Sichuan peppercorns, a spice commonly used in Chinese cuisine to produce a “numbing and spicy” flavor, is winning the hearts of ever more gourmets and seeing its price rise. Wen Decang, 56, is a peppercorn farmer in Tianshui City of Gansu Province — a major growing area of the plant. He turned his entire hectare of wheat into an area to grow Sichuan peppercorns 18 years ago, hearing that the crop could be sold at a good price…Full Article: Xinhua Feb 2018
- As of February 2018, Sichuan Province reportedly grew Sichuan peppercorn on ~266,667 hectares and hoped to increase its acreage to ~400,000 ha by 2020.
- In 2017, the average price of Sichuan peppercorn in Sichuan Province was usually above CNY 100 (~USD 14.25) per kg.
- Since 2014, according to a farmer from Tianshui, Gansu Province, a well-known area for growing red/green Sichuan peppercorn, Sichuan peppercorn prices have steadily risen. In Tianshui, the spice is typically harvested during July and sundried before being sold. Its top markets are Sichuan Province and Chongqing Municipality. According to a restaurant chef from Lanzhou, Gansu Province, a hotpot restaurant with at least 100 tables can consume approximately 150 kg of Sichuan peppercorn per month.
- Sichuan pepper, aka Sichuan peppercorn (Zanthoxylum spp.), is a spice native to Sichuan Province that is used in a variety of Chinese dishes and as an ingredient in traditional Chinese medicine (TCM). In Sichuan, the spice is primarily harvested during August and September.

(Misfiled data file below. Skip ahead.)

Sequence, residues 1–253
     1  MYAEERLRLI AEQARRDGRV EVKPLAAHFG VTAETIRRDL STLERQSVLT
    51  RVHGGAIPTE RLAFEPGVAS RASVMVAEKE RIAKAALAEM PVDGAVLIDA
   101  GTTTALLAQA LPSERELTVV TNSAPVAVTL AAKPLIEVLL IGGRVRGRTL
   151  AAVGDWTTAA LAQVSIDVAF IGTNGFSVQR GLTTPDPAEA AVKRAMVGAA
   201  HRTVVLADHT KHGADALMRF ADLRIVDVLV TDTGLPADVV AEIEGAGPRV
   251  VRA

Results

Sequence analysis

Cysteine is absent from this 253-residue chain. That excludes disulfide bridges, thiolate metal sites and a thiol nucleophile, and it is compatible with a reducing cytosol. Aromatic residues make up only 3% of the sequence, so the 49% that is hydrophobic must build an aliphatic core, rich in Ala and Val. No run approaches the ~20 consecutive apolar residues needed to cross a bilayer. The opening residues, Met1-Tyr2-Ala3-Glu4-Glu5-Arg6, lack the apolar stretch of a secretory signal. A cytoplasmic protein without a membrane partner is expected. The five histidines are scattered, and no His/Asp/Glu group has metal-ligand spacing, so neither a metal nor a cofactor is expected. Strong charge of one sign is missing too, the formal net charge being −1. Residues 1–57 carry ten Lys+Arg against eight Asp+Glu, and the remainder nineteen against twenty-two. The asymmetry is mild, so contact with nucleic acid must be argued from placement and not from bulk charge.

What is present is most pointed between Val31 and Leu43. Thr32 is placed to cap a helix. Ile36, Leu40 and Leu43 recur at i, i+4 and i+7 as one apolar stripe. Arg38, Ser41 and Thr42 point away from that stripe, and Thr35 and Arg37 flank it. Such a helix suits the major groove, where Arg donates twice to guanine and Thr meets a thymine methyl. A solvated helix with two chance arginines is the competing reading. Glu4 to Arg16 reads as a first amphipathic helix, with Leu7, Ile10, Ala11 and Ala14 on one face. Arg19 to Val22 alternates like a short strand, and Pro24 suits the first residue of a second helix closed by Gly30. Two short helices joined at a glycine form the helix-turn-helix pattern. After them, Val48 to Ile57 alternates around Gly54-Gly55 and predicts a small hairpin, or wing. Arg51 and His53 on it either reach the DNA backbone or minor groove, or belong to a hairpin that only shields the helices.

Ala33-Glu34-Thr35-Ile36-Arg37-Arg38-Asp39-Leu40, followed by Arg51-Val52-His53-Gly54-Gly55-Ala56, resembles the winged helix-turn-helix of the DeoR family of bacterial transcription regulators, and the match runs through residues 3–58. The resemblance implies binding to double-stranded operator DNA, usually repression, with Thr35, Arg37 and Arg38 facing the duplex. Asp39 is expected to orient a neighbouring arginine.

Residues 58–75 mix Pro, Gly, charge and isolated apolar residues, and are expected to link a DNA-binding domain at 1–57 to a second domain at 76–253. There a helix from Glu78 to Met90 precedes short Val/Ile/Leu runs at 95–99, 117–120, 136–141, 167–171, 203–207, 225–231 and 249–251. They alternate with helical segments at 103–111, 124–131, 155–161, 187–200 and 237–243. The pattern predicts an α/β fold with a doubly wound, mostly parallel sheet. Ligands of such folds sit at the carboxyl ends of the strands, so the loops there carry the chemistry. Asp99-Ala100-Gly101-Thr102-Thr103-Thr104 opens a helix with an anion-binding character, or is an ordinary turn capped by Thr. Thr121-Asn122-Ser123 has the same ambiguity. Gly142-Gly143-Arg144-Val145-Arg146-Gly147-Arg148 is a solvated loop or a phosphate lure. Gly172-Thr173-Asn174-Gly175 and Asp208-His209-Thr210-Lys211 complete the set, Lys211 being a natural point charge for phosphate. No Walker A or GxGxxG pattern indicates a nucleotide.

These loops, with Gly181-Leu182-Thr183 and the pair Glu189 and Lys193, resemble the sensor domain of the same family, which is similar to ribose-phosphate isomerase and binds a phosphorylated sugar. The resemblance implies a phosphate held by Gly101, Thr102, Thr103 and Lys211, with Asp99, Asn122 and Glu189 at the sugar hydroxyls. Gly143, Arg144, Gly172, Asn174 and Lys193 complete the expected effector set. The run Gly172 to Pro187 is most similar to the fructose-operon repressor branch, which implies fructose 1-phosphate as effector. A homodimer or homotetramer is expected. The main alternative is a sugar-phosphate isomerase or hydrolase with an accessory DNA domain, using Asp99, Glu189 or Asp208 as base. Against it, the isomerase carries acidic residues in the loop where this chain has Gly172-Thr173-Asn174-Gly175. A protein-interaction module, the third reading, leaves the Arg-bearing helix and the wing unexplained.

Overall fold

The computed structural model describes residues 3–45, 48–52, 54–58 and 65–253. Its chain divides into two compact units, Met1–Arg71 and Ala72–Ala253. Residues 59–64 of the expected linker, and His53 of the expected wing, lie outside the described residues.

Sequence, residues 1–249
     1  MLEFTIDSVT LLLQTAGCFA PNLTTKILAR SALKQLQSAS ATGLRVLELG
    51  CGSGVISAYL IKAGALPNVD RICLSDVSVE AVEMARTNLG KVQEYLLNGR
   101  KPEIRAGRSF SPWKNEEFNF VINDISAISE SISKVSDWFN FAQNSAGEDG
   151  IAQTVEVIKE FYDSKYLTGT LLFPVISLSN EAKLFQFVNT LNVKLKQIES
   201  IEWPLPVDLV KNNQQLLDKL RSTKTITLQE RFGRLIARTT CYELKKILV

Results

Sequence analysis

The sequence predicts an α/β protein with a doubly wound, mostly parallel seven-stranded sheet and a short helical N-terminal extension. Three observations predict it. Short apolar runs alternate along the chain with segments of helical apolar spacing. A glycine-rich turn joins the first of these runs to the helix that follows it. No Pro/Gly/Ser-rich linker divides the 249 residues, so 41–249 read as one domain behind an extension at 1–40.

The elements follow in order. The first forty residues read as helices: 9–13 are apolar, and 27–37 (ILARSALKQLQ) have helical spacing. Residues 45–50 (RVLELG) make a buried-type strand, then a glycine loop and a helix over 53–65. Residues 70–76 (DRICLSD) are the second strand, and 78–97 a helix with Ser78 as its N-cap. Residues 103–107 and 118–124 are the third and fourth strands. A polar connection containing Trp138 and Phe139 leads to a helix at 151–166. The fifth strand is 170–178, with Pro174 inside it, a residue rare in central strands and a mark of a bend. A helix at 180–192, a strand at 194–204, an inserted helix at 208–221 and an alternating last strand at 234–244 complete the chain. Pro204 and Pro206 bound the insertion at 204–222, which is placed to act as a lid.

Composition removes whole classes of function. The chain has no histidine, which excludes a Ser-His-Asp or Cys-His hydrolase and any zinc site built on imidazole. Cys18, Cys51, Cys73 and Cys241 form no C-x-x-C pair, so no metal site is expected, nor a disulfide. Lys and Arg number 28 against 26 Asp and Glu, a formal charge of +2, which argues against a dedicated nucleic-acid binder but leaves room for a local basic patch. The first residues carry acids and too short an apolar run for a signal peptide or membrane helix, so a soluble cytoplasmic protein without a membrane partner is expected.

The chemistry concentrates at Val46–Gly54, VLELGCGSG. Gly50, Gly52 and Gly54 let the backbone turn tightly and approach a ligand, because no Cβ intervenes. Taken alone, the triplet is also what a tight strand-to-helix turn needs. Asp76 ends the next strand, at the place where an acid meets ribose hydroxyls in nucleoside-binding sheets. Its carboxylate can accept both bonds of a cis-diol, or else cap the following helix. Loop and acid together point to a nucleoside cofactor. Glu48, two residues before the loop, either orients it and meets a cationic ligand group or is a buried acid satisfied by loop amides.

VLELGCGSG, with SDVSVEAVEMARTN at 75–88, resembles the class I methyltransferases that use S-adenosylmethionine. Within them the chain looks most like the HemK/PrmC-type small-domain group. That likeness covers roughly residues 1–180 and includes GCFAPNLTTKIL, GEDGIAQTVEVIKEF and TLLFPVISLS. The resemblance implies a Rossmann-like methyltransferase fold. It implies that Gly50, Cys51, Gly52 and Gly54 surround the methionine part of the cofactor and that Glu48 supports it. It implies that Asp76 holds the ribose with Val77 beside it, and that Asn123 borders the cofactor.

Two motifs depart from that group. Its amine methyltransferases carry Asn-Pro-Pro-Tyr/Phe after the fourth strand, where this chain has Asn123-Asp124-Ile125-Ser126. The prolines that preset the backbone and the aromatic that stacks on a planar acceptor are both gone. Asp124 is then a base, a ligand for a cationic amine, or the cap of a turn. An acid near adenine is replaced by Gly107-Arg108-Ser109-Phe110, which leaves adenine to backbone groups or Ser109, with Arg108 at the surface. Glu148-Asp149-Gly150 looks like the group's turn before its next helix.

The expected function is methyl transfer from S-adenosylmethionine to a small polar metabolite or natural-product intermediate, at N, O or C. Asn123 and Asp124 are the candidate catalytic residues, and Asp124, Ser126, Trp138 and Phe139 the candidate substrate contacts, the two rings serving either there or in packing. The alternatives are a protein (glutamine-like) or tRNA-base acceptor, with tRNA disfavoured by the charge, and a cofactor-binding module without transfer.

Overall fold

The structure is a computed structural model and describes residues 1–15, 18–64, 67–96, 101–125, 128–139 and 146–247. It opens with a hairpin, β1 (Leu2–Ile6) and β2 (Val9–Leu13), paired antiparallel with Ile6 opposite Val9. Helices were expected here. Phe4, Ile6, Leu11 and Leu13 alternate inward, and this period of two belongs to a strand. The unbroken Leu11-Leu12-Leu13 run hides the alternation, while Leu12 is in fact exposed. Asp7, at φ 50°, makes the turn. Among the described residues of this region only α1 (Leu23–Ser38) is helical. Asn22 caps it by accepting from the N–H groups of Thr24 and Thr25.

- In November 2017, it was reported that by 2022 China hoped to have an annual Sichuan peppercorn (dried) output of 300,000 MTs, with ~400,000 hectares under cultivation. During this month, in the U.S. market, Sichuan peppers retailed for USD 2.99 per 5.6 gram bag.
- In 2016, Sichuan Province cultivated Sichuan peppercorn (花椒) on approximately 282,000 hectares and had an annual output of ~60,000 MTs. The Sichuan market alone consumed 60% to 70% of its domestic production.
- In 2005, the USDA lifted its ban on Sichuan peppercorn. The heat treatment requirement was reportedly shelved shortly thereafter.
- From October 2002 to September 2003, USDA-APHIS confiscated nearly 11,000 lbs. (~5 MTs) of Sichuan peppercorn. Only Sichuan peppercorn that had undergone verified heat treatment (i.e. ~140 degrees Fahrenheit to destroy potential canker bacteria) could be imported.
- From October 2001 to September 2002, USDA-APHIS confiscated 7,000 lbs. (~3.1 MTs) of Sichuan peppercorn.
- In 1968, the USDA instituted a ban on Chinese citrus due to concern of the spread of citrus canker bacterial disease. The ban included Sichuan peppercorn since it is part of the citrus family. The ban would not effectively be enforced until 2002.
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